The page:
(Meditation Scriptures: Psalm 78, Joshua 24, Matt 10:34-36, Romans 8:14)
It doesn’t escape me that your dad probably wasn’t what you wanted. Maybe he wasn’t always there for you. Maybe he was dangerous. Maybe he is just missing.
Dads leave strange scars on their children. We can make odd memories when we’re not trying to make good ones.
My dad gets a special pass in my heart. He’s not perfect. I guess none of us is. But, I am a lot like him in some good and in some bad ways, and I suppose the same passes I give myself also apply to the old man.
My dad had his own world when I was a boy; his own place where he was master and commander. His store was nestled in a fascinating art deco castle, in the middle of the bustling city center. Veined white marble and cherry wood opened up heavenward to a sky view. I can still recall that strange, nameless scent with hints of polish, leather, and fountain spray.
Inside the store was my dad’s kingdom. It was his decoration and his craftsmanship. It was his initiative and hard work on display. He must have learned so much about record-keeping and management and sales. I never really had an appreciation for my dad’s work until much later, when the store was no longer there and he’d gone to work for someone else. Like all things, I did not miss it until it was long gone.
When I think back on those days as a boy when I would romp and play in those long, storied hallways of the big marble castle and smuggle quarters from the cash drawer and beg him to “melt something” under his torch, it makes me miss my daddy.
He is still with us. In fact, I spent Sunday afternoon with him and my mom and my grandpa. But when I think back on those old days at his store, I think of the younger man with his black beard and his grey suit and his patterned neckties. I think of the giant, who created beauty with his black hands, and who ruled his own world.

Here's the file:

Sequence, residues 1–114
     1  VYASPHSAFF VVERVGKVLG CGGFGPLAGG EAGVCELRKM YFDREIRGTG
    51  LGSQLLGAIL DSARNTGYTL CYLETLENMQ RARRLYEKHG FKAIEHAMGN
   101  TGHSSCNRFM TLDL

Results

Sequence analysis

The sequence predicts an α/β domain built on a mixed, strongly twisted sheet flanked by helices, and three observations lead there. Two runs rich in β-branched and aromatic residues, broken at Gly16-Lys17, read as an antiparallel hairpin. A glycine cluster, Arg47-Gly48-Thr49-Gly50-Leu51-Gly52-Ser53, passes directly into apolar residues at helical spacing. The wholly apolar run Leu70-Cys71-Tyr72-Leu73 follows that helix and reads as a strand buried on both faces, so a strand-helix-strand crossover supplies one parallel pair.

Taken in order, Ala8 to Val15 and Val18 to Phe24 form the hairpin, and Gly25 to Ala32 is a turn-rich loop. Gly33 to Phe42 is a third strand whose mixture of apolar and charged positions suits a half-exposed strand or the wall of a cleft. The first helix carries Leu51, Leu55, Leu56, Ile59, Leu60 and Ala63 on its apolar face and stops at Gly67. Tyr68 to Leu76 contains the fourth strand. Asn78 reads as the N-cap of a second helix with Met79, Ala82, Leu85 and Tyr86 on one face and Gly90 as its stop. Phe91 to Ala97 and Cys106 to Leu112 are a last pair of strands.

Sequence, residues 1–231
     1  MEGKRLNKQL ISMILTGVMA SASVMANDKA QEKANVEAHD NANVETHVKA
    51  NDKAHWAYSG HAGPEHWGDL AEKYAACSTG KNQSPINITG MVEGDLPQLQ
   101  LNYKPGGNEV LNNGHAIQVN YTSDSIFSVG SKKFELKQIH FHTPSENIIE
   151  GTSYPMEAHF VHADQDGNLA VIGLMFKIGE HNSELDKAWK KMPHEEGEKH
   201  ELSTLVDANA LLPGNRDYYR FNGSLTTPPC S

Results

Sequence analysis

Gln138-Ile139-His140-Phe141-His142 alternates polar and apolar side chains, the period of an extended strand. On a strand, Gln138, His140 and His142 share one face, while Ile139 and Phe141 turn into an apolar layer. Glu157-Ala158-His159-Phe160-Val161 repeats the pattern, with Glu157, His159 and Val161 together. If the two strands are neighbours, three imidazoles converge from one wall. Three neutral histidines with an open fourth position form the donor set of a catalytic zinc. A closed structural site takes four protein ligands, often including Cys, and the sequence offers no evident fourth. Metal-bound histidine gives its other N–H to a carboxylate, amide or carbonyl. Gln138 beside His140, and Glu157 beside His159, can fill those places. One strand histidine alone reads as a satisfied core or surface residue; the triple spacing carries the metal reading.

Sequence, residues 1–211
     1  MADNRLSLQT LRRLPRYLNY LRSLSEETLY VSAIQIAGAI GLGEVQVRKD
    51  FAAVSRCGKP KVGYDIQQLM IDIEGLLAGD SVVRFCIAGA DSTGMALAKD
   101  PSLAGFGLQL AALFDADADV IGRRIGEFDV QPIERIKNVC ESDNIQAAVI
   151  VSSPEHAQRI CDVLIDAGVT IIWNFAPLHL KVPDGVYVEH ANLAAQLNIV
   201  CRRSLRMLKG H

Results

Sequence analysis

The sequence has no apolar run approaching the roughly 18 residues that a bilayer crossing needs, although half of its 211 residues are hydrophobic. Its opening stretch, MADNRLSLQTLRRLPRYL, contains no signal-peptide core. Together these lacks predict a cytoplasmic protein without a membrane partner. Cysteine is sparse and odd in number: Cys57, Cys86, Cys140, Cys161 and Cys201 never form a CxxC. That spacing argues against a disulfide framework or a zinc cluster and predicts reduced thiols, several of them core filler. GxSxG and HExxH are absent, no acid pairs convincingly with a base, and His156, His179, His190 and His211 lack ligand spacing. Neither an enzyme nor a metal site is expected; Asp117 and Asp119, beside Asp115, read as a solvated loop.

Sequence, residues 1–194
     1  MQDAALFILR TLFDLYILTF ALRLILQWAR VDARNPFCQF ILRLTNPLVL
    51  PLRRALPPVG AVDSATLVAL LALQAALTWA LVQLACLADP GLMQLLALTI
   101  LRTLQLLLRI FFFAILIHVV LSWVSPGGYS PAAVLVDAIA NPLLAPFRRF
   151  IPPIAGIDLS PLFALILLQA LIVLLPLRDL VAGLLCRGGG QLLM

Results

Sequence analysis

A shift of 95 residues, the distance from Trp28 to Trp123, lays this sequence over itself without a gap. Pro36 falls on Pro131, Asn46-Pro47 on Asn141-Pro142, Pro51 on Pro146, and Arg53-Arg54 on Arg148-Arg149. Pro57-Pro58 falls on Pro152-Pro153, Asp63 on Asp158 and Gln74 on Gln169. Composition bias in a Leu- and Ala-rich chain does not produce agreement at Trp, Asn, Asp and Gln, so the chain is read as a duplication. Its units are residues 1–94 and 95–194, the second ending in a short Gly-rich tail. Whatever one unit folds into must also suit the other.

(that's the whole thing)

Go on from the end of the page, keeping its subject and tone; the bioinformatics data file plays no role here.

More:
I miss my daddy. That’s what has happened as I’ve gotten a bit older and had children of my own. That is the way of things.
“He established a testimony in Jacob
and set up a law in Israel,
which He commanded our fathers
to teach to their children
so that a future generation —
children yet to be born — might know.
They were to rise and tell their children
so that they might put their confidence in God
and not forget God’s works,
but keep His commands.”
My father is not arrogant. He is not aggressive. He is kind and gentle. He is patient. He can be petulent when he is angry, but it never seems to last too long. He is sad and contemplative, but he smiles for me. He is tired, because he works hard hours. When he sings, he shows what’s on the inside. He knows about scripture and he teaches what he studies. He laid a foundation of faith in me that has been reset over time; a few blocks changed and new lines drawn and extended. But the root remains.
“Then they would not be like their fathers,
a stubborn and rebellious generation,
a generation whose heart was not loyal
and whose spirit was not faithful to God.”
Stubborn. Rebellious. What is old is new again.
My daddy did not stamp out my rebellion. I suppose he could have. The fight would have been costly for both of us.
Instead, he watched me, patiently. And rather than make an enemy by inflating my pride, he fueled a spirit that would, ultimately, find its way home to a loving Father.